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The largest cause of attenuation is scattering. Scattering occurs when light collides with individual atoms in the glass and is anisotropic. Light that is scattered at angles outside the numerical aperture of the fiber will be absorbed into the cladding or transmitted back toward the source Scattering is also a function of wavelength, proportional to the inverse fourth power of the wavelength of the light. Thus if you double the wavelength of the light, you reduce the scattering losses by 2 to the 4th power or 16 times.
For example, the loss of multimode fiber is much higher at 850 nm ( called short wavelength) at 3 dB/km, while at 1300 nm (called long wavelength) it is only 1 dB/km. That means at 850 nm, half the light is lost in 1 km, while only 20% is lost at 1300 nm.
Therefore , for long distance transmission, it is advantageous to use the longest practical wavelength for minimal attenuation and maximum distance between repeaters. Together, absorption and scattering produce the attenuation curve for a typical glass optical fiber shown above.
Fiber optic systems transmit in the "windows" created between the absorption bands at 850 nm, 1300 nm and 1550 nm, where physics also allows one to fabricate lasers and detectors easily. Plastic fiber has a more limited wavelength band, that limits practical use to 660 nm LED sources.
More: Wavelength Bands Used For Fiber Optic Transmission
Multimode fiber's information transmission capacity is limited by two separate components of dispersion: modal and chromatic. Modal dispersion comes from the fact that the index profile of the multimode fiber isn't perfect. The graded index profile was chosen to theoretically allow all modes to have the same group velocity or transit speed along the length of the fiber. By making the outer parts of the core a lower index of refraction than the inner parts of the core, the higher order modes speed up as they go away from the center of the core, compensating for their longer path lengths.
The switches that switch the traffic over the network of a provider and between networks of providers are built to not hinder the traffic as it is switched. Modern non-blocking architectures switch packets in less than one millisecond from one switch to another18 and can switch over 1 Terabit per second. At one of the busiest IXPs, the AMS-IX in Amsterdam, traffic in April 2007 reached up to 260 Gbit/s and averaged 165 Gbit/s. In 2008 they expect to exceed 500 Gbit/s, with some customers needing multiple 10 Gbit/s ports to exchange traffic. It is this continuing growth in traffic that has made 10 Gbit/s networks more and more standard and called for the standardisation of 100 Gbit/s Ethernet, which is now ongoing.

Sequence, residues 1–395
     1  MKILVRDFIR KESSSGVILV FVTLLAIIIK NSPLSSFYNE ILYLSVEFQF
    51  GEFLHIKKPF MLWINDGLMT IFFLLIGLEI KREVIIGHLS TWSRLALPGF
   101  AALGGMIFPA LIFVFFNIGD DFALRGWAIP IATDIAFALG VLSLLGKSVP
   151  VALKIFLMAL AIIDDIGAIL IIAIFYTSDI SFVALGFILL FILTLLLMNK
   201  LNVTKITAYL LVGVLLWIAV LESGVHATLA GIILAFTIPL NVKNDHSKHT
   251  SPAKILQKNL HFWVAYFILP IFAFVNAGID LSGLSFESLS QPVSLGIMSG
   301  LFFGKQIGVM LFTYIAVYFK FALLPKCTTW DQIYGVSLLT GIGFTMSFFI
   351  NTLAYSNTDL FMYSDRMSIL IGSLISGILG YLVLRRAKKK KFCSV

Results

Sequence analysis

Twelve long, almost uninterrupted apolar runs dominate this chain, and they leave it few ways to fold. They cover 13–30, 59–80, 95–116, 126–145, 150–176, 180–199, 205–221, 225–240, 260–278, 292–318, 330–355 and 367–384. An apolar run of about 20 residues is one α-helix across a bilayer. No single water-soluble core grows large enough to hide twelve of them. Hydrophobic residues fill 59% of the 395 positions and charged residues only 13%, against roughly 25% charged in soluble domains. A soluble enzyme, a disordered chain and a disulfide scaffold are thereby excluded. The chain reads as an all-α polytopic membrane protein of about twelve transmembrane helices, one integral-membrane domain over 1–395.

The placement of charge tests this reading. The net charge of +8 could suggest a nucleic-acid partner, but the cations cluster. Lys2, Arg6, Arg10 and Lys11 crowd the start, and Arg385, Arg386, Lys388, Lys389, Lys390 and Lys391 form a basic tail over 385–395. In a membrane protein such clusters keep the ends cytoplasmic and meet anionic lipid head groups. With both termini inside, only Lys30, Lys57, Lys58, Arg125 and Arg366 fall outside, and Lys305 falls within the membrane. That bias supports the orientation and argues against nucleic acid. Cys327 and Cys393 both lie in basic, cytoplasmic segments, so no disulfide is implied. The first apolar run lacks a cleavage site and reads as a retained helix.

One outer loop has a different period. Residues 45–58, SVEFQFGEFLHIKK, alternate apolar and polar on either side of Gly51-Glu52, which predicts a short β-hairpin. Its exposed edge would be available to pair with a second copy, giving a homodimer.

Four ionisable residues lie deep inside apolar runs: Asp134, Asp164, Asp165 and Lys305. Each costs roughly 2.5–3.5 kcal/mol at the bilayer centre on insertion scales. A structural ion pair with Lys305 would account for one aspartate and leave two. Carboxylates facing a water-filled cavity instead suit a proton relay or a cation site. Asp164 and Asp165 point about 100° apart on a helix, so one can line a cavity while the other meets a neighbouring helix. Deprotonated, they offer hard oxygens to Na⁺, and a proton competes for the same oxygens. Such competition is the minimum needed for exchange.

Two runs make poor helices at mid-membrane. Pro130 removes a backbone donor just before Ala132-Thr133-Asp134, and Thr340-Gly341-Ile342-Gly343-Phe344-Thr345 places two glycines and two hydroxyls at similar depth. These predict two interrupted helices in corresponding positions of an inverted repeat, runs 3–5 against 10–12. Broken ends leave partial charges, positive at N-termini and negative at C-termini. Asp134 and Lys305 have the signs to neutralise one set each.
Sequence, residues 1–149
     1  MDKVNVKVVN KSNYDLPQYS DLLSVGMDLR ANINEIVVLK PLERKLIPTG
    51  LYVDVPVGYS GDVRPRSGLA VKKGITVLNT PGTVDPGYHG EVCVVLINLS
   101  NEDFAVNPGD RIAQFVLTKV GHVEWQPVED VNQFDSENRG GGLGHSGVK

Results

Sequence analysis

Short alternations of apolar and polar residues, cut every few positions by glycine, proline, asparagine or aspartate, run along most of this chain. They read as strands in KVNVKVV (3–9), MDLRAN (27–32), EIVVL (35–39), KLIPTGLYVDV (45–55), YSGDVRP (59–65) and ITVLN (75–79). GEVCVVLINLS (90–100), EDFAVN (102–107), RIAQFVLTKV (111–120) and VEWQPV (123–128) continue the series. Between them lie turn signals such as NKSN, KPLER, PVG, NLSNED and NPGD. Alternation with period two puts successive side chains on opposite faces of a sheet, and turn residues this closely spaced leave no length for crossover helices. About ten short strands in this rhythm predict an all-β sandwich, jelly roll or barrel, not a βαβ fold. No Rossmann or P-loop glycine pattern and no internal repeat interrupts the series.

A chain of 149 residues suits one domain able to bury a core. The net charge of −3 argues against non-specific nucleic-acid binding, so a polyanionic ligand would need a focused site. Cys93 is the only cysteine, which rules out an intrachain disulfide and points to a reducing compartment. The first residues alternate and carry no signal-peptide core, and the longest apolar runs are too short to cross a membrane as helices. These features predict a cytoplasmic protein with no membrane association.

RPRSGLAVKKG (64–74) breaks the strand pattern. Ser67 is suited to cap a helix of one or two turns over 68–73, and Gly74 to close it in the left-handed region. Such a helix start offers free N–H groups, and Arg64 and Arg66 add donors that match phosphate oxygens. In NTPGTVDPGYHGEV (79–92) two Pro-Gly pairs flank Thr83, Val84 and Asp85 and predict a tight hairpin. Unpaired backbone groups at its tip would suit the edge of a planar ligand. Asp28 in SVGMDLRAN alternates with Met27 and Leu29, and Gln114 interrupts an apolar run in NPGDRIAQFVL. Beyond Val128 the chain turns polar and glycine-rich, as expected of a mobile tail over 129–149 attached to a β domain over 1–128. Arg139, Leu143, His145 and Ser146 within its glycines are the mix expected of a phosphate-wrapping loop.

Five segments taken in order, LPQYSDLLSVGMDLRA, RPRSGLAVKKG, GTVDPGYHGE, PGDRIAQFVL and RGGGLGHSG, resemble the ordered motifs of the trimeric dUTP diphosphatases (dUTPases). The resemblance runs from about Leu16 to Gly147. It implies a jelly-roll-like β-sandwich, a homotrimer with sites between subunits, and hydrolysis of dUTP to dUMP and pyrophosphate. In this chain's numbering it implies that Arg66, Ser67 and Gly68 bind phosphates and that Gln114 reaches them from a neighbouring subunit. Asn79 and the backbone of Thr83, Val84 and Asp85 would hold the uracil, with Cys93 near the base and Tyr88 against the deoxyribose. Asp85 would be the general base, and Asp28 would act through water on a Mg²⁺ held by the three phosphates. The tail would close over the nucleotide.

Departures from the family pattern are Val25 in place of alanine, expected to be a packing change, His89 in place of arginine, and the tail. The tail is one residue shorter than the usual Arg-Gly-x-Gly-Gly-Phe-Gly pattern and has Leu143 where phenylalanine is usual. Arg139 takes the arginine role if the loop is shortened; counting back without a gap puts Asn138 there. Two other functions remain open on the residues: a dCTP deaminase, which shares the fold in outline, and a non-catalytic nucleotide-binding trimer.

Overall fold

In many OECD countries backhaul networks have seen an enormous overbuild of capacity in the late 1990s and the start of the 21st century. This overbuild was evident on the main routes, such as in the ëgolden triangleí covering London, Paris, Frankfurt, Amsterdam. Between 10 and 20 networks have laid infrastructure on this route. In general companies would lay 12 ducts on these routes, filling 2 of these ducts and leaving 10 empty. On some routes there were thousands of available fibres. The customers that bought some fibres on these networks would often use WDM (wavelength division multiplexing) equipment to increase capacity on the lines and resell that capacity to their own customers in direct competition with the network that they had bought connectivity from in the first place. Similar situations occured on a smaller scale in metropolitan networks, also, leaving a number of larger cities in OECD countries with multiple networks and many empty ducts. In commercially less-attractive areas there may be only two or less networks with fibre connections in the first mile from a particular location, though even here there are often empty ducts available.